Spices were in steady supply due to Coniston’s relative proximity to Whitehaven. In its heyday, Whitehaven was a major port. Indeed, so great was its strategic importance that in 1778, at the height of the War of Independence, the town was subject to a hostile American invasion. The assault was the brain-child of John Paul Jones, a US naval commander of Scottish descent, who had spent his early working life in Whitehaven. Jones planned a raid to burn the boats in the harbour and inflict significant damage on British ships and supplies. But his enthusiasm was not shared widely among his crew and by the time the USS Ranger dropped anchor on the evening of April 22nd, they were close to mutiny; a situation that can’t have been helped by the arduous three hour row to the harbour.
The raiding party was divided between two boats. Jones himself took charge of one, which was to storm the Lunette battery and disable the guns, thus securing a safe passage back to the ship. Meanwhile, the other boat, led by Lieutenant Wallingford, was to make for the quay and torch the ships that were docked there. His crew must have rowed the final furlong steeling themselves for a bloody skirmish only to find that on a cold night in Whitehaven, with no prior warning of their arrival, there was no-one around to fight. Furthermore, their primary mission of burning the boats faltered when they realised they had no matches and the candles they’d brought had long since blown out. Faced with such compromising circumstances, Wallingford’s men did the only reasonable thing. They went to the pub, where they were soundly defeated by the strength of the local ale.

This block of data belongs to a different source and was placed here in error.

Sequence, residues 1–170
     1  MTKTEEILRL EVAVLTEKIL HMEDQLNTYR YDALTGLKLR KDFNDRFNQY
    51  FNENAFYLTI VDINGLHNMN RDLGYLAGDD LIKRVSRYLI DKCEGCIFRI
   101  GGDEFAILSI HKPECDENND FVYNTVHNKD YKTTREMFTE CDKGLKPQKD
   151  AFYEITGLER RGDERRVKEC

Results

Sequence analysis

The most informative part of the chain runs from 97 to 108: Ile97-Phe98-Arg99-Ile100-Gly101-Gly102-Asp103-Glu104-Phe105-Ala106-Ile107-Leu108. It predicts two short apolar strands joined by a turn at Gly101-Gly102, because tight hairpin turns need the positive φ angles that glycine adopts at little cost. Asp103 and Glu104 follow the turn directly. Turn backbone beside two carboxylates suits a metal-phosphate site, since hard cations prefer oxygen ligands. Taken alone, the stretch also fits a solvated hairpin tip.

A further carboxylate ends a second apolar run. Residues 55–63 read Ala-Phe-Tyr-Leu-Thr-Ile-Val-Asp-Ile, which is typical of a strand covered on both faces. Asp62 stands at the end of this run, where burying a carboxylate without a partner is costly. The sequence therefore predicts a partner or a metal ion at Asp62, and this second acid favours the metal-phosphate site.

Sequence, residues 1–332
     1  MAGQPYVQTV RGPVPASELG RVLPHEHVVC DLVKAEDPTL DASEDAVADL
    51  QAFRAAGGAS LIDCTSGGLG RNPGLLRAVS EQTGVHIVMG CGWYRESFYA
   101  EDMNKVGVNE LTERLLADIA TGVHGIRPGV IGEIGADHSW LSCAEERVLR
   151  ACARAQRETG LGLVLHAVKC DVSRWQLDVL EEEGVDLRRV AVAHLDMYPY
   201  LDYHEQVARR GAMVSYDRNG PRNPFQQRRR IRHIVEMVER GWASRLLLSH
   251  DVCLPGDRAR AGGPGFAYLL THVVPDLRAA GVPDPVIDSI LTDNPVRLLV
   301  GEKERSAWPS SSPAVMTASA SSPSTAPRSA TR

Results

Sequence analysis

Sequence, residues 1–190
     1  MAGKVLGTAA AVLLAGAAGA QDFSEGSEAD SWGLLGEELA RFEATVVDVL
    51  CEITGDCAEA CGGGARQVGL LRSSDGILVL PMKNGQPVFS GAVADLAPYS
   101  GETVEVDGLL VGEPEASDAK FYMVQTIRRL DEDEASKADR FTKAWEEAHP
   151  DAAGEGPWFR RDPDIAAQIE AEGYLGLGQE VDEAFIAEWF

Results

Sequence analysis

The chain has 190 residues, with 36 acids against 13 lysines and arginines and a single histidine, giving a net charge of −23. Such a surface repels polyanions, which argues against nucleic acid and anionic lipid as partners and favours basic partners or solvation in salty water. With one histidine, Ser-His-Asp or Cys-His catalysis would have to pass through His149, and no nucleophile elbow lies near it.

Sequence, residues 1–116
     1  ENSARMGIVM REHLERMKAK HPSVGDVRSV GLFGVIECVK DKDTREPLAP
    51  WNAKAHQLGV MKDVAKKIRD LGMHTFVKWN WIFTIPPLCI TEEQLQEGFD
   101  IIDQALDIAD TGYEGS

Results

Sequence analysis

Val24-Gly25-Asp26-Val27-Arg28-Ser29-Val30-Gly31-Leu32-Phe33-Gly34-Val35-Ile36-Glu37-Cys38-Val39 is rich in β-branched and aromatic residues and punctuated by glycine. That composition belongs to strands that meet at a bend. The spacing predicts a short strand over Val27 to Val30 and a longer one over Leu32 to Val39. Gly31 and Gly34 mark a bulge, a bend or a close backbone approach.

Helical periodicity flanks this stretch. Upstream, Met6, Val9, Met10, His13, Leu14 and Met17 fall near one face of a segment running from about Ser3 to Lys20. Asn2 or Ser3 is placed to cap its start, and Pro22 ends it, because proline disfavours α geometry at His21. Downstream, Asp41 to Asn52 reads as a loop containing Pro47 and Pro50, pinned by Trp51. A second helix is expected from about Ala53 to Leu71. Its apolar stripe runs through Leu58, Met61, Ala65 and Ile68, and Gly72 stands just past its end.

By the time Jones arrived back from the battery, half his men were three sheets to the wind. Undeterred, he improvised matches from strips of canvas dipped in sulphur and managed to start fires in a couple of the cargo holds. The invaders then beat a hasty retreat, hoping to watch the town go up in flames from the safety of their ship. Fortunately, the townspeople were one step ahead. With the Great Fire of London a recent memory, Whitehaven had invested in fire engines, which were swiftly deployed, successfully extinguishing the flames before they reached the rigging.
In the meantime, the guards that Jones had overpowered at the fort had freed themselves and got the guns back in operation. The resulting canon fire failed to hit the retreating rowing boats but the loud bangs can’t have done much for the burgeoning hangovers, kicking in among the crew. As the people of Whitehaven returned to their beds, Jones and his men sailed back to America with their tails between their sea legs, their bungled raid destined to become a footnote in the history books; everywhere but Whitehaven that is, where it is still a cause for celebration.